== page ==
Creating Convincing Claims


—Bite-sized advice for better business writing—

June 4, 2019 

Creating Convincing Claims

“If you would persuade, you must appeal to interest rather than intellect.” 

— Benjamin Franklin

At its core, writing involves an exchange of ideas. To express convincing ideas, you need to create strong claims and support them effectively.

How can I create strong claims? 

Different types of claims accomplish different goals.

A claim of truth is rooted in fact, presenting an argument that you assert is correct. For that reason, such a claim must be reasonable, provable, and in no way libelous. A claim of truth makes a powerful opening statement that will grab the reader's attention and establish the credibility of your ideas. 

Over the past 10 years, Smith Insurance has paid out more dividends to policy owners than any firm in the metro area.

A claim of value deals with the worth of an idea, which can be measured against a known standard. This type of claim builds interest in a product or service. 

The model 720 high-efficiency furnace could save you up to 25 percent on energy bills.

A claim of policy suggests the positive outcome of a specific action. This type of claim encourages the reader to take action for a desired result, as in this example: 

The next time autumn leaves fall, call Gutter Doctors to unclog your gutters and avoid damaging overspills.

You can use the three types of claims to build a persuasive argument in the AIDA pattern:


How can I support my claims?

You can strengthen your claims with strategic supporting details.

To personalize a claim → use observations and anecdotes.

Zack Williams was failing first-year algebra before he started working with Middle School MatheManiac. Now Zack is tutoring his classmates.

To demonstrate an idea → use illustrations and examples

Dental Associates can beautify your smile with tooth straightening, enamel whitening, and even porcelain veneers. See these before-and-after pictures.

To quantify a claim → use numbers and statistics

Last year, 33,000 people attended the IndyCon Game Fair, and this year, preregistration is already 25 percent higher. 

To authorize a claim → use expert testimony.

Consumer Reports rates Dan’s Douser the best power washer in its class. 

To forecast results → use predictions

By switching from gas-powered lift trucks to electric lift trucks, Rankin Technologies will cut CO levels in its warehouse by 25 percent.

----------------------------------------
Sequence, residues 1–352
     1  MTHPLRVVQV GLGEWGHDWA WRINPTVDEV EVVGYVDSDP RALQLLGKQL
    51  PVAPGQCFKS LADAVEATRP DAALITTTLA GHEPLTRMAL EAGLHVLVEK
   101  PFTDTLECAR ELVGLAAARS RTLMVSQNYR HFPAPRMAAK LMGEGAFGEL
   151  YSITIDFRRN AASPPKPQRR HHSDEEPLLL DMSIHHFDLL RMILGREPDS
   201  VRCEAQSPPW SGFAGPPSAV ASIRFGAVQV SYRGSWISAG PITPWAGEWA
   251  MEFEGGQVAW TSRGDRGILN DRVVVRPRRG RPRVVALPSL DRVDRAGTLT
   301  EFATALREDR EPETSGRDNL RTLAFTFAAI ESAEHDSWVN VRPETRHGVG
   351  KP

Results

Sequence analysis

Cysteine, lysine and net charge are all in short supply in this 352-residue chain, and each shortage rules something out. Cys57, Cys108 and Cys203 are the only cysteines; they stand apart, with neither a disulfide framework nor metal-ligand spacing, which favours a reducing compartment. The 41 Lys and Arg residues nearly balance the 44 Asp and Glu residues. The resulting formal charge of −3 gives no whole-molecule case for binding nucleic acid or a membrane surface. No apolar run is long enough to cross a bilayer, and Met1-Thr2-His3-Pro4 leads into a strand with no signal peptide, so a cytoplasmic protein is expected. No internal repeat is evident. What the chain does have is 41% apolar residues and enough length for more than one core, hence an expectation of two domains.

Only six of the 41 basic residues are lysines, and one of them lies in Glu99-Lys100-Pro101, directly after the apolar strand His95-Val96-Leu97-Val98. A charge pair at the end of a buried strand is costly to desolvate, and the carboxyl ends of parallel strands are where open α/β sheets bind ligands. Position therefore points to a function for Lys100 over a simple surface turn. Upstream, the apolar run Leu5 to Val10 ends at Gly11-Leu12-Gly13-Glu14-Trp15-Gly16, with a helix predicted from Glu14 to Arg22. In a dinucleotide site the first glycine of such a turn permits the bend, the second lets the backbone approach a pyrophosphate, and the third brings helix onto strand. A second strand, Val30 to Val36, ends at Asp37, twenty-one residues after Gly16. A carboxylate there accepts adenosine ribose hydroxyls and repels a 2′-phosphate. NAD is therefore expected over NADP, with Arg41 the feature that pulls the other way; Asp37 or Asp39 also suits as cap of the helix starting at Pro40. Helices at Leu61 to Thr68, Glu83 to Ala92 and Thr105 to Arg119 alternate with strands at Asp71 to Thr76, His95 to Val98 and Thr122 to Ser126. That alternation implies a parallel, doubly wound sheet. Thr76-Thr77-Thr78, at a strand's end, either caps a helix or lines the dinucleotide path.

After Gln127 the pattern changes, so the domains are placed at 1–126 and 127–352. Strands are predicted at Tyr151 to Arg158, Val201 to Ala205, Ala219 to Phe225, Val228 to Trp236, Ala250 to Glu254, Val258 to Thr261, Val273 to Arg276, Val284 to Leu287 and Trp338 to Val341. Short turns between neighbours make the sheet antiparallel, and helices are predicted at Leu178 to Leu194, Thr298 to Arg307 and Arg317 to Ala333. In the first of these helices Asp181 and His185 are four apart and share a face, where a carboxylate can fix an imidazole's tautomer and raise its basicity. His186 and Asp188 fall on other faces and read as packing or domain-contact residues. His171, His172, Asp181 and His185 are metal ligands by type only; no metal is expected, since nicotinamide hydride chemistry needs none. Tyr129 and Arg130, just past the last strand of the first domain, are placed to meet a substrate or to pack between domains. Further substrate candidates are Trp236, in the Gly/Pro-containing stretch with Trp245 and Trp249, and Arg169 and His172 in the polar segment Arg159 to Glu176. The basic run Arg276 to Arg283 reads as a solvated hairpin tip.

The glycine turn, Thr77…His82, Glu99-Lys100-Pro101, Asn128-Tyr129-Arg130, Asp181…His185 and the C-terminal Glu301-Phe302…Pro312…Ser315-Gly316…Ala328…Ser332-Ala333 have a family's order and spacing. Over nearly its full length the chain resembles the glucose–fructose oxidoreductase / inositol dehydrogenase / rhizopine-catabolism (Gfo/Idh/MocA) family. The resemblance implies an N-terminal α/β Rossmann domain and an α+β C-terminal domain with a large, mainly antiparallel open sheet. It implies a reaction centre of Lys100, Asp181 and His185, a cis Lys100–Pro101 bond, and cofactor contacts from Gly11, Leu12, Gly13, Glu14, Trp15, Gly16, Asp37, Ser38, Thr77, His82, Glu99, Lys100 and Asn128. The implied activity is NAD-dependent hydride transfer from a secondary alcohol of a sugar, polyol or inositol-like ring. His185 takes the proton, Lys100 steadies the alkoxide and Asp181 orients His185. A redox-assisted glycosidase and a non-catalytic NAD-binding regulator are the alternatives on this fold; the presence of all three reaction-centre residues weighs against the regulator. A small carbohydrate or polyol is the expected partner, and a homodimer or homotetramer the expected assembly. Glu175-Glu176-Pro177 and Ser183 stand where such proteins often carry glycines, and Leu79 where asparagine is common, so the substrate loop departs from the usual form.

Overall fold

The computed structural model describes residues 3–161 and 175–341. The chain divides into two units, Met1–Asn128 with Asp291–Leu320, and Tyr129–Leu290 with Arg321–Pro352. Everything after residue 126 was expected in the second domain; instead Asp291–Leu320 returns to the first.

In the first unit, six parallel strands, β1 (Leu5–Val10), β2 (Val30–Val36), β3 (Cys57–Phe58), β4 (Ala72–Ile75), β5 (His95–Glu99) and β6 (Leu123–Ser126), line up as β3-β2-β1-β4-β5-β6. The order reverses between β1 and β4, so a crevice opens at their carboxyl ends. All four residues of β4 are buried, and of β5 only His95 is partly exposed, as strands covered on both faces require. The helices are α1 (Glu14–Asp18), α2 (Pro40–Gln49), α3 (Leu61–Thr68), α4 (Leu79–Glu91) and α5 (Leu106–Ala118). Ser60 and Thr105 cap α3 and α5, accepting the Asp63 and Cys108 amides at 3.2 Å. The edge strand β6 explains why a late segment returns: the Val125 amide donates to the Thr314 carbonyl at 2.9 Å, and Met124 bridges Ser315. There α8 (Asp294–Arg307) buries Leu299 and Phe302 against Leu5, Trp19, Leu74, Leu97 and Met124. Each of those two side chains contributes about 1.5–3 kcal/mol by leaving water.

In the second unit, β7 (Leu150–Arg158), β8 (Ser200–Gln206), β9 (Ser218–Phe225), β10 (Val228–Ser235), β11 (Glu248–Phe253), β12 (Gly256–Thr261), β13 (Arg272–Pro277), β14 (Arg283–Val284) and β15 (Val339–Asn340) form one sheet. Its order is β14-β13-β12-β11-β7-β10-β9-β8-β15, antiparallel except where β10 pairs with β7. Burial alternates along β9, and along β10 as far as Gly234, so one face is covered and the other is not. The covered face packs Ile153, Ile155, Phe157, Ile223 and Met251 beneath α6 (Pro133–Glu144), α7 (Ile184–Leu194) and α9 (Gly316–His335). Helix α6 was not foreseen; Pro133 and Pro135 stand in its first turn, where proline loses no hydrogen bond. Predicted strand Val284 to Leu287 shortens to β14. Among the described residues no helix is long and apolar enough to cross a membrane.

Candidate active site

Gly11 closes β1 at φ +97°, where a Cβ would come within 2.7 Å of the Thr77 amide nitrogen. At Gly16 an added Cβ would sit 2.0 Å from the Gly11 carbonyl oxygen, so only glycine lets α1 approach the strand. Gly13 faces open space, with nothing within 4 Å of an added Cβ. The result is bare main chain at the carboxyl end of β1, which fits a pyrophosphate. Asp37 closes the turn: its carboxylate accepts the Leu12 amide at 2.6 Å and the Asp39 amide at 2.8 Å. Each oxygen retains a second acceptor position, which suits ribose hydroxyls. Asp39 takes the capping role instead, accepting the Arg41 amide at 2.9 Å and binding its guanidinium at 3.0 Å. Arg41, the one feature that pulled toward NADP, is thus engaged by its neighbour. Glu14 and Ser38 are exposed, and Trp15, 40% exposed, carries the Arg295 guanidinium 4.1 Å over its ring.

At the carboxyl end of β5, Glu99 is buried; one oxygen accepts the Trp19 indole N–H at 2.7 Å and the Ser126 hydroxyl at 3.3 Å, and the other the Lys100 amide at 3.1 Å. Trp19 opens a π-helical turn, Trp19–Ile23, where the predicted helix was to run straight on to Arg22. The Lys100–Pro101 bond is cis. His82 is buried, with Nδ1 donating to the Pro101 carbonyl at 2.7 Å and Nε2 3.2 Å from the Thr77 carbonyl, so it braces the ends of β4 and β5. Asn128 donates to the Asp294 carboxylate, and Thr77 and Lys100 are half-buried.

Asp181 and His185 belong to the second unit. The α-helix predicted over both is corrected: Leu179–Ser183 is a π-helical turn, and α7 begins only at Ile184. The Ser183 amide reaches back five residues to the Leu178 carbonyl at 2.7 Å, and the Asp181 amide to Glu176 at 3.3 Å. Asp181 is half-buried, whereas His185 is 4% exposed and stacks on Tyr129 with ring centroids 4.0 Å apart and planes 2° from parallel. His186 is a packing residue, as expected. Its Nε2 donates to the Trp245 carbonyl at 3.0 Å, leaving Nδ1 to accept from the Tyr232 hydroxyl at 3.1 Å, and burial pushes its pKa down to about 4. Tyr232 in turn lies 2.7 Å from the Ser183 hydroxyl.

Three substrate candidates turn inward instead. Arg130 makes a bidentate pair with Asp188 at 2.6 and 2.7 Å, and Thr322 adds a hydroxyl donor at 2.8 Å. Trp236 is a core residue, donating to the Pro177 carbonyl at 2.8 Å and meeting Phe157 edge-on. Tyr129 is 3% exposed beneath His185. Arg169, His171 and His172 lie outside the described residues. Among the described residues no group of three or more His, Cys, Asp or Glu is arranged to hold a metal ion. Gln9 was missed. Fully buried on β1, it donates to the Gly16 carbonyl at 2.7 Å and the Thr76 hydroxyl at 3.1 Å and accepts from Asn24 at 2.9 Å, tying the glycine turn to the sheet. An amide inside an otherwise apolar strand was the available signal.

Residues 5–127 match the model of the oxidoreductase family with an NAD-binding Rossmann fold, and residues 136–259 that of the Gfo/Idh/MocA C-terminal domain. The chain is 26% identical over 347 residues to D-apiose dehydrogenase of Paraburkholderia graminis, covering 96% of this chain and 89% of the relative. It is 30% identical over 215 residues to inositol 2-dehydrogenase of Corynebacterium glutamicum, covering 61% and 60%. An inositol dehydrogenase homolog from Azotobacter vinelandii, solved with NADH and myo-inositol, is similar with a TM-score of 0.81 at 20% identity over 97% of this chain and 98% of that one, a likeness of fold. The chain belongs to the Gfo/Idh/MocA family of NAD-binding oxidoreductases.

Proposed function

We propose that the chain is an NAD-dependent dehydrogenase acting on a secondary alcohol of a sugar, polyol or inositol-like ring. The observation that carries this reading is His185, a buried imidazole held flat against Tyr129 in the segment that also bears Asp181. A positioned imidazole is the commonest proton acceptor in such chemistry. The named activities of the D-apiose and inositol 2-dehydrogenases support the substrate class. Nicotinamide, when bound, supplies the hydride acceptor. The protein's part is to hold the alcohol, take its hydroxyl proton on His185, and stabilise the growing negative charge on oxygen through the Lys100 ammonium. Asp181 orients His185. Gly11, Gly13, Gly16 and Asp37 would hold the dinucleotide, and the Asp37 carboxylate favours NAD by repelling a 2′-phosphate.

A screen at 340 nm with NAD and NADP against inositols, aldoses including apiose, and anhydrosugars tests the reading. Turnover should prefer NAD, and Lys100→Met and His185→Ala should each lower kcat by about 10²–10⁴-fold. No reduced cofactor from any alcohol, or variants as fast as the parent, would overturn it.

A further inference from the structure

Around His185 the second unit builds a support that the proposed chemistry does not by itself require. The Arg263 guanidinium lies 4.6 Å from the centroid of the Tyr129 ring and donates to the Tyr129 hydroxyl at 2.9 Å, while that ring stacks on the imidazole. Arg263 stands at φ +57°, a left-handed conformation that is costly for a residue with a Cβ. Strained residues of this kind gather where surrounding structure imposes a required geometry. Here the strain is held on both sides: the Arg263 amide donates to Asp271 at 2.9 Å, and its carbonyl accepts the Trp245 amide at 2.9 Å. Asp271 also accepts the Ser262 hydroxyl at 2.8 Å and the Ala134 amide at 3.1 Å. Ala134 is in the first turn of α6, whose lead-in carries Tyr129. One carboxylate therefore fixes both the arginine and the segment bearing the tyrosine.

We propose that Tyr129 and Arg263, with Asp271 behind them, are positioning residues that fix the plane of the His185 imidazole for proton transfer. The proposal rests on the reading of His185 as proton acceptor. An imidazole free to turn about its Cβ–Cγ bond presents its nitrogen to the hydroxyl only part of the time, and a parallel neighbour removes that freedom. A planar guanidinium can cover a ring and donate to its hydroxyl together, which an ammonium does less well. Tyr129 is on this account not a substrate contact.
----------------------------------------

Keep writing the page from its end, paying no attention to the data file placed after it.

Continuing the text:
To examine an issue → use analysis.

Candella Windows consistently receive positive reviews due to three factors: 1) energy savings, 2) ease of cleaning, 3) and quality custom construction.

To prove a claim → use tests and experiments

The Firefly minivan earned a five-star safety rating from the National Safety Council. 


Try It Out!

Follow these steps to create a persuasive pitch using a mix of truth, value, and policy claims. (Scroll to the bottom to see an example.)
  1. Consider something you want to happen in your workplace, perhaps a change in procedure, a promotion, or a new initiative.
  2. Create claims of truth, value, and policy about the topic, and arrange them in the AIDA pattern.
  3. Gather supporting details to strengthen each claim. Add them to your writing.
  4. Reflect on your work. Is the writing clear, logical, and convincing?
  5. Refine your writing and consider delivering it to your targeted audience.

Get More Support

Explore Write for Business online for more strategies for convincing readers to take action.


Sample Persuasive Pitch

  • Truth Claim
  • Value Claim
  • Policy Claim

ArtBurst gives Hancock County businesses a chance to beautify their workplaces and gain publicity.

For 14 years, ArtBurst has offered local businesses the opportunity to fill bare spaces in their stores or offices with attractive paintings, photographs, and sculptures.

Last year, 200 local businesses participated in the Purchase Awards Program. They each agreed to buy a piece of art and received publicity for their businesses.

“ArtBurst's selections not only made our workplace a more pleasant environment, but they also affirmed and made more meaningful the important work that we do," said Dave Ellis, CFO of Alient Health. "The new art showed our staff and clients that Alient respects and values them.”

Already, 90 percent of last year's Purchase Awards' participants have signed up again. You can join the Purchase Awards Program and beautify your workplace by completing the enclosed registration form.